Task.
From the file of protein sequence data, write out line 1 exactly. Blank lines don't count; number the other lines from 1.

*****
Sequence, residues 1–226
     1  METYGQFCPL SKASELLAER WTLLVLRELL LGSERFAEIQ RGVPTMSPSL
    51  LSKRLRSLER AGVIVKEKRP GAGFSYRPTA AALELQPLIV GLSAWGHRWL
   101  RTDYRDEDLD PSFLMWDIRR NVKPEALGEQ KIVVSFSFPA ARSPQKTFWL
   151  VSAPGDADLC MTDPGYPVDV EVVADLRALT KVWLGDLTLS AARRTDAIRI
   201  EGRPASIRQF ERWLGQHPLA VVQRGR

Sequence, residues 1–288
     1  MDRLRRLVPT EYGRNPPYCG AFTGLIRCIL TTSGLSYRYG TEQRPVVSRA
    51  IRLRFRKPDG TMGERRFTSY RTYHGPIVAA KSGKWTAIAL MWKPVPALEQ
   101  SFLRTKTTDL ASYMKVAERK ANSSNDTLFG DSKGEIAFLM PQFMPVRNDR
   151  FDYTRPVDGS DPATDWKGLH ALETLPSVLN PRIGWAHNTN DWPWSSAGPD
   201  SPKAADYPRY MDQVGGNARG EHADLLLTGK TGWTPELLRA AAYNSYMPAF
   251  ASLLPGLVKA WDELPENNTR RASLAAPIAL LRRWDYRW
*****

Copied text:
Sequence, residues 1–226